A word of warning: This is not an article comprising heart-warming stories, encouraging you to go and save the world. It is not even a clear-cut positive review of being a medical field worker. It is a first-hand account of what it is and what it takes, and before even considering the possible dangers or terrible living conditions this service will entail, the very first question that needs to be considered is: Are you willing to sacrifice all your annual leave to provide volunteer services for those in need? If yes, then this article is for you.

Dr Wing-Yan Kwong, recipient of 2016 Hong Kong Humanity Award, began her devotion to humanitarian service after completing her third-year medical studies, when she took a gap-year to visit rural areas in Cameroon, Africa. Despite her near-death experiences from contracting malaria twice, the experience did not deter her. Rather, it made her stronger and more determined to help those in need.

After becoming a qualified practitioner of Emergency Medicine, Kwong spent her annual leave, eventually quitting her job, to participate in humanitarian services, providing treatment to patients in Ethiopia and Zambia. More recently in May 2015, she went to Nepal with the Red Cross to serve earthquake victims.

At the time of this exclusive interview, Kwong has resumed work in the Accident and Emergency Department of a public hospital, but plans another trip soon. She shared with MIMS about the practical aspects that aspiring medical field workers need to consider before diving into humanitarian services.

I am interested in becoming a medical field worker. But when should I start?

⨯ Before graduation
Despite Kwong’s decision to take a gap-year before graduation, she does not recommend that students follow in her footsteps.

Dr Wing-Yan Kwong took a gap-year to provide voluntary services in rural areas in Cameroon, Africa after having completed her third-year medical studies. She paid home visits to learn more about the needs of local children, and ran activities in schools to enhance their awareness towards AIDS.
Dr Wing-Yan Kwong took a gap-year to provide voluntary services in rural areas in Cameroon, Africa after having completed her third-year medical studies. She paid home visits to learn more about the needs of local children, and ran activities in schools to enhance their awareness towards AIDS.

“It’s possible for students to contribute to the project as a volunteer, but it would be difficult for them to contribute as a doctor since they do not have any clinical experience,” Kwong explained.

“Additionally, as I put aside my studies for the gap-year, I needed to spend a lot of extra time and effort to refresh what I had learnt before, and simultaneously catch up with the learning in years 4 and 5. To me, I’d say it’s a bit risky academically, if you choose to go before graduation,” she added.

⨯ After internship training
Similarly, Kwong does not encourage graduates to become international field workers upon finishing internship training. As a result of a lack of clinical experience, coupled with the unfamiliar and tense environment, they would offer little help to the mission, but instead be at high potential to do harm to patients.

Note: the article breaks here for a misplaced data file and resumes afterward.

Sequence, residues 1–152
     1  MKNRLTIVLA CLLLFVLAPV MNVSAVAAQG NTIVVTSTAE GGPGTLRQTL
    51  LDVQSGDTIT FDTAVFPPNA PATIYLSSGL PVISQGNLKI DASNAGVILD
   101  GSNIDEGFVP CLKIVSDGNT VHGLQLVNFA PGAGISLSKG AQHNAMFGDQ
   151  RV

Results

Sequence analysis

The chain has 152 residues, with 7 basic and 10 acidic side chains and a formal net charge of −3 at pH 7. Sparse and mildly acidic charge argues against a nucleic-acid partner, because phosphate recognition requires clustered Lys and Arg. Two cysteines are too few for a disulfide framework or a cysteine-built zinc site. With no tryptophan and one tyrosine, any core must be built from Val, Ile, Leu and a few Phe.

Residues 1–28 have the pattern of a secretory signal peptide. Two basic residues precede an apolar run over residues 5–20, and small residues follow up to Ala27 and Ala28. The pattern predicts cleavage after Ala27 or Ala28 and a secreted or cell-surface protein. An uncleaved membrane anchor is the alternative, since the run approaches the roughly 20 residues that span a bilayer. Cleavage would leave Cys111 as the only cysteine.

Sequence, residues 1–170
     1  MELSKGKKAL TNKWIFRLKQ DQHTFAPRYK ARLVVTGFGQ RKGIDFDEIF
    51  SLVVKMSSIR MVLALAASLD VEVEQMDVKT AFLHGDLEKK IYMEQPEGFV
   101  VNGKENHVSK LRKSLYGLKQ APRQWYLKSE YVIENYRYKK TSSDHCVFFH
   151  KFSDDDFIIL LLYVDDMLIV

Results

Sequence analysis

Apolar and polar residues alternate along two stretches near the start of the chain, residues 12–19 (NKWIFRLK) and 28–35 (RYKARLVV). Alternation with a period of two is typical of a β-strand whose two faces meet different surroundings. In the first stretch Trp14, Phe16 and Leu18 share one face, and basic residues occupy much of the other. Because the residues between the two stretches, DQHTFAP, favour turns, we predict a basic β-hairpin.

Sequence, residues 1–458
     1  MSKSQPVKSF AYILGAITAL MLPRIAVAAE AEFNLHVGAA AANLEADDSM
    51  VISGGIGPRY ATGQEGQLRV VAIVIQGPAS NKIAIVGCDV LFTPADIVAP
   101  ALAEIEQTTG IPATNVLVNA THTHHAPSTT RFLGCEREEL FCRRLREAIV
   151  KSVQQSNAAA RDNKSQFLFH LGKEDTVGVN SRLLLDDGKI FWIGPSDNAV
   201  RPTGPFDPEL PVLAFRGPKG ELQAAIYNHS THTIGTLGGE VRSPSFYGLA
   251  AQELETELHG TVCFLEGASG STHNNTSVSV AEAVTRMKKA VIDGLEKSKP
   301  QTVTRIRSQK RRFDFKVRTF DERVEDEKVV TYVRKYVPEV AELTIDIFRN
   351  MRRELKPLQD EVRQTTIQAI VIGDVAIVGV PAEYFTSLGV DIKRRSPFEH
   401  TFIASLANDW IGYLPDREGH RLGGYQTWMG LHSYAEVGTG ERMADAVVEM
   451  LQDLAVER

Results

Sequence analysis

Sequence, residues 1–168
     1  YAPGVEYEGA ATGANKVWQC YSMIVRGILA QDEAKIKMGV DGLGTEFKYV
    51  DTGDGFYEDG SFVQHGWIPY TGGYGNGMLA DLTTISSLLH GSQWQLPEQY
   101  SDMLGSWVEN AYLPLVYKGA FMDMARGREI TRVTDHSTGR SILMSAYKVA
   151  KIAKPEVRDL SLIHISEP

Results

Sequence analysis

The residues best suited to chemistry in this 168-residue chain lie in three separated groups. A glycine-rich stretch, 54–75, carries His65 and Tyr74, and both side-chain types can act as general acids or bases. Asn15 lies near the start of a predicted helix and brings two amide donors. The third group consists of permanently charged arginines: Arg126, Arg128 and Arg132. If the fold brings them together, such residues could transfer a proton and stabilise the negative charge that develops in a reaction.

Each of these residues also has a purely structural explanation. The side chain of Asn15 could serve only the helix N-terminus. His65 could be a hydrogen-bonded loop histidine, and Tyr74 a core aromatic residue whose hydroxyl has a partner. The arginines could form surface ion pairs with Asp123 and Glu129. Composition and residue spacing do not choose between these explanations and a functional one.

✓ After a few years of clinical work
Kwong believes that doctors can contribute more as a medical professional after acquiring a few years of clinical work experience. However, she noted that it may be necessary to give up a training post at a reputable hospital for a mission, and upon return from the mission, returning to the original training centre may not be possible.

✓ After fellowship
Alternatively, doctors may consider participating in humanitarian work after passing the exit exam and securing a specialist position. Nevertheless, this is also usually the time when they tend to get married, or give birth, as it is right after their 6 years of fellowship. In this case, these life events may need to be delayed if they decide to take up a mission.

⨯ After retirement
Despite the clinical experience acquired over the years, doctors at this age may find it difficult to adapt to the unpredictable scenarios, such as a highly stressful environment in war zones or the uneasy living conditions in third-world countries.

Dr Wing-Yan Kwong recalled a case when the family move the patient from their hometown to the mobile clinic in Ethiopia with a bed since the patient cannot move at all.
Dr Wing-Yan Kwong recalled a case when the family move the patient from their hometown to the mobile clinic in Ethiopia with a bed since the patient cannot move at all.


Breaking the illusion - participating in humanitarian work does not mean putting one’s life at risk

Another most common situation a doctor needs to consider before joining a humanitarian organisation is the objection from their parents.

“If their parents are extremely worried, maybe they need to reconsider if they should join the mission or not,” Kwong suggested. “One of the reasons why the parents object the doctors in going to missions is probably because the doctors are still too young. In this case, they may consider going at later ages. Another reason is that their parents have probably come across news that report casualties in war zones, or deadly diseases in third-world countries. If so, the doctors may need to provide some concrete evidence to explain to their parents that the missions are not that dangerous,” she continued.

Dr Wing-Yan Kwong providing treatment to patients in earthquake-stricken Nepal during a mission with Hong Kong Red Cross.
Dr Wing-Yan Kwong providing treatment to patients in earthquake-stricken Nepal during a mission with Hong Kong Red Cross.

Death caused by violence while working with humanitarian organisations was often under the media’s spotlight. The unfortunate Kunduz hospital airstrike killing 14 Médecins Sans Frontières (MSF) staff members was one example which caught the media’s attention, and made headlines of many media outlets. As such, wide media coverages might create an illusion that participating in humanitarian work means putting one’s own life at risk.